People seeking asylum in the UK will be flown 4,500 miles to Rwanda to have their claims processed under a new partnership that has been branded “cowardly, barbaric, and inhumane” by refugee charities.
Home Secretary, Priti Patel travelled to Rwanda on Thursday to strike a deal with the country’s minister for foreign affairs.
Under the partnership, asylum seekers who make “dangerous or illegal” journeys in small boats or hidden in lorries will be sent to Rwanda to have their claims processed, Patel said.
Those whose claims are successful will then be supported to “build a new and prosperous” life in the East African country.
The home secretary said this will disrupt the business model of people-smuggling gangs. However, Robina Qureshi, director of refugee charity Positive Action in Housing, said the move will do little to deter asylum seekers from coming to this country and could actually force them back into the hands of people smugglers.
“It will simply persecute and torture those who are already persecuted and tortured and inflict countless misery with next to no public scrutiny,” Qureshi said.
“This won’t deter human smugglers, it will embolden them, more people will drown or suffocate as desperate refugees attempt ever more dangerous journeys to reach here.
“The government should be creating safe humanitarian corridors for refugees, not offloading its responsibilities under the convention to other countries.”
Home Secretary Priti Patel and Rwandan Minister of Foreign Affairs and International Cooperation Vincent Biruta, shake hands after signing an agreement in Rwanda. Asylum seekers arriving in the UK will be sent to Rwanda, under a controversial deal announced Thursday with which Boris Johnson’s government hopes to deter record-breaking illegal Channel crossings.
It has been reported that asylum seekers will be housed in a hostel in Rwanda’s capital city while they are processed. Patel said the government will divert the money it currently spends on the delivery of asylum operations in the UK to Rwanda to cover the costs. It will also invest £120 million in the country’s economic development and growth.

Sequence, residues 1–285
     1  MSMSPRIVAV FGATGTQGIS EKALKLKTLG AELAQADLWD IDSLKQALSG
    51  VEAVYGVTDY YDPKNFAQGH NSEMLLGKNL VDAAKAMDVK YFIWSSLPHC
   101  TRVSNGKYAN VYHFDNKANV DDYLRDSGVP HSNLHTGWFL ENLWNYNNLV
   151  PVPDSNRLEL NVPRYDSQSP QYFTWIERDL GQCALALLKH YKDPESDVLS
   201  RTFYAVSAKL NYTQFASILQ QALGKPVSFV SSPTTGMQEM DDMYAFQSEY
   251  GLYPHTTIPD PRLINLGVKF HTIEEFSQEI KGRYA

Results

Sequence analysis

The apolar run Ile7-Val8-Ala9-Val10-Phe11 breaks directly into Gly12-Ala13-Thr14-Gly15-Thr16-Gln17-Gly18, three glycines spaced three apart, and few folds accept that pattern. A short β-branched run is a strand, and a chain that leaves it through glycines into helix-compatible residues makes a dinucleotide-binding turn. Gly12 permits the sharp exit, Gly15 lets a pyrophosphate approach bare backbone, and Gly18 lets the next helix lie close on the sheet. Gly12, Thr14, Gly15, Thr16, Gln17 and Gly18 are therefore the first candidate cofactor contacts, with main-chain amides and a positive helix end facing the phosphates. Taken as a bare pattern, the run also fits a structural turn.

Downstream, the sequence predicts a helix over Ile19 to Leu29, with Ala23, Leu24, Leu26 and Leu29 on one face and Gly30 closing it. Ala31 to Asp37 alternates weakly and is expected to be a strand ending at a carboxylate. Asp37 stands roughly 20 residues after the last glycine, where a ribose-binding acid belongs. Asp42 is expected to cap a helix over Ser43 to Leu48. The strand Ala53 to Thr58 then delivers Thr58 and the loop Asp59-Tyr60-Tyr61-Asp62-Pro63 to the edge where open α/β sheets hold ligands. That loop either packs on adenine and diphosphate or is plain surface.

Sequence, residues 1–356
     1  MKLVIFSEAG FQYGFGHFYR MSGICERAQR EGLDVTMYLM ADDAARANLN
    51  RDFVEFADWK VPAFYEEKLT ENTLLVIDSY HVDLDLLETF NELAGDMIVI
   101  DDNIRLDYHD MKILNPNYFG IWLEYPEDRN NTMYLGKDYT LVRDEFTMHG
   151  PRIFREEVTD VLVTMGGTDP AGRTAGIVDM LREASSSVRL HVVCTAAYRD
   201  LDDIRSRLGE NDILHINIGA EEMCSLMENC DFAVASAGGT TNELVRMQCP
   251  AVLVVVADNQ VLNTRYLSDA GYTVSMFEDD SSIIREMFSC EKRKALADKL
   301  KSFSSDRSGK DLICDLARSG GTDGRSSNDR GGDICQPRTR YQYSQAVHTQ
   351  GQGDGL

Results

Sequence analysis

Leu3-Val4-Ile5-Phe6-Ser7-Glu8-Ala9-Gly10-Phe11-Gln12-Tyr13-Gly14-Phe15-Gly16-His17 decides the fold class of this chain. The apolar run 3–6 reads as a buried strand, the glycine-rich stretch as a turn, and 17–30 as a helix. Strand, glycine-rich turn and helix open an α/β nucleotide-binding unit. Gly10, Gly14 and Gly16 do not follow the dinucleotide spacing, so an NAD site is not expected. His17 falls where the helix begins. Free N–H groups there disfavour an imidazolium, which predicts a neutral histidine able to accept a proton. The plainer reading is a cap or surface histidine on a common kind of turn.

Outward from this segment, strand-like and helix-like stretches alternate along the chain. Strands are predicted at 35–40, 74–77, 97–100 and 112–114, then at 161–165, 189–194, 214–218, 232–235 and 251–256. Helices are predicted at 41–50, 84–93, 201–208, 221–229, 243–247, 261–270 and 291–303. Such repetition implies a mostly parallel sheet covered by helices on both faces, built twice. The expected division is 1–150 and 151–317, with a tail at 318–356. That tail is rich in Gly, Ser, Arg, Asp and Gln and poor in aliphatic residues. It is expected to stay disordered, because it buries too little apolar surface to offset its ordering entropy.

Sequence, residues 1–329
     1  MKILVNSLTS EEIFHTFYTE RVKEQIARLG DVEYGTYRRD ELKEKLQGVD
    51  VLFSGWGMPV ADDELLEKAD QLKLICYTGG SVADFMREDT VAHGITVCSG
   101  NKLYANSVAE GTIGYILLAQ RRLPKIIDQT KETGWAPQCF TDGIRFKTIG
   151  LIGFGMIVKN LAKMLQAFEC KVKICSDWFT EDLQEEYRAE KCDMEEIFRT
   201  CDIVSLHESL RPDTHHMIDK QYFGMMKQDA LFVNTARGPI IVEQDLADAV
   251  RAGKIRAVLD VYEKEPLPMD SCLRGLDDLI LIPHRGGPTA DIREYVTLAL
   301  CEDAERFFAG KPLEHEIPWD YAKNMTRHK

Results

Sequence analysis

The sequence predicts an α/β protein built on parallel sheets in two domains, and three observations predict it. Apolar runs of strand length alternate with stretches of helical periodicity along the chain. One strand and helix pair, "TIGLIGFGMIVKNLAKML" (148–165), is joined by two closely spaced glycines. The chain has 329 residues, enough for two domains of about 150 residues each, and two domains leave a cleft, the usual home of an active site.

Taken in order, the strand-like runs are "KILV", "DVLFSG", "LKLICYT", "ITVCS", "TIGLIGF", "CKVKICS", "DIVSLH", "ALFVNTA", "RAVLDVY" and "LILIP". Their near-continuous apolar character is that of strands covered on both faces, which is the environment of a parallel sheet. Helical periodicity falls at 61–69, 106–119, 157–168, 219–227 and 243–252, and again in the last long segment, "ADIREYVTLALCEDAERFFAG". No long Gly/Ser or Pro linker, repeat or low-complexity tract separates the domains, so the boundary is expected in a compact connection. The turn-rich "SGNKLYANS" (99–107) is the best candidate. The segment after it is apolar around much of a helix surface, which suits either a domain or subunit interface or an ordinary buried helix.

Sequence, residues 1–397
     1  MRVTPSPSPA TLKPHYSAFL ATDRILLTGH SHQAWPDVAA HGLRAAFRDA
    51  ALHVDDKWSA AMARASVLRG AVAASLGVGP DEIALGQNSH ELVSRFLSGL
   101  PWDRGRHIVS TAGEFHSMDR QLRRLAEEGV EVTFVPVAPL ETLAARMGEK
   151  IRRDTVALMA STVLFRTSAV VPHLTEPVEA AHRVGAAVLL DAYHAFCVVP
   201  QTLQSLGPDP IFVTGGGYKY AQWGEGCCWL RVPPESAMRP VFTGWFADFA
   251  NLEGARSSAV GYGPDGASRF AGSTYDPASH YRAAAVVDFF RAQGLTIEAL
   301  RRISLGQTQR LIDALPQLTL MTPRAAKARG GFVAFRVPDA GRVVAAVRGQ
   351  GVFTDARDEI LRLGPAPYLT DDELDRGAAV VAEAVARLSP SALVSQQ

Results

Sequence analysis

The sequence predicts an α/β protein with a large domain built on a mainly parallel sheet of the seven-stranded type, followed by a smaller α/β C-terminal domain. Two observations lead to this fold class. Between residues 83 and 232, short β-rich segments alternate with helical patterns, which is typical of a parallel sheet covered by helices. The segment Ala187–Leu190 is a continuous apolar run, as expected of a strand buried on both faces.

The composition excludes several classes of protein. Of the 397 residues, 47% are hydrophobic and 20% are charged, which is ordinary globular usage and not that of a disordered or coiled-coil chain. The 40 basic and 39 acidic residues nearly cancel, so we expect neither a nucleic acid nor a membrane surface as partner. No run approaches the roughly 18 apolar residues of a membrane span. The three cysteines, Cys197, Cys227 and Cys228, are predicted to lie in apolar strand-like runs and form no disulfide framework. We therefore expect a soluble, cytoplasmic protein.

Campaigners have compared the plan to Australia’s controversial asylum detention programme, which sees those who attempt to travel to Australia by boat and seek asylum detained in offshore detention camps on the island of Nauru.
Tim Naor Hilton, chief executive of Refugee Action, said there has been rampant abuse, rape, murder, and suicide in the Australian camps and warned that the same could happen in Rwanda.
“This grubby cash-for-people plan would be a cowardly, barbaric and inhumane way to treat people fleeing persecution and war,” Hilton told newsmen.
“Our so-called ‘Global Britain’ is offshoring its responsibilities onto Europe’s former colonies instead of doing our fair share to help some of the most vulnerable people on the planet.
“Australia’s horrific experiment sending refugees thousands of miles away led to rampant abuse in its camps, as well as rape, murder and suicide.
“Ministers seem too keen to ignore the reality that most people who cross the Channel in flimsy boats are refugees from countries where persecution and war are rife who just want to live in safety.
“It’s time the government found its moral compass and started treating refugees with dignity and compassion, creating more routes to safety to claim asylum here and building protection system that’s just and humane.”
In the UK, a new asylum reception centre will be opened in Linton-on-Ouse and a nationwide dispersal system will be introduced in a bid to spread asylum pressures more equally across local authorities, Patel said.
The Royal Navy will also begin patrolling the Channel from Thursday to ensure “no boat makes it to the UK undetected.”
“Today we have signed a world-leading Migration Partnership with Rwanda which can see those arriving dangerously, illegally or unnecessarily into the UK relocated to have their claims for asylum considered and, if recognised as refugees, to build their lives there,” Patel said.
“This will help break the people smugglers’ business model and prevent loss of life, while ensuring protection for the genuinely vulnerable.
“At the heart of this approach is fairness. Access to the UK’s asylum system must be based on need, not on the ability to pay people smugglers.”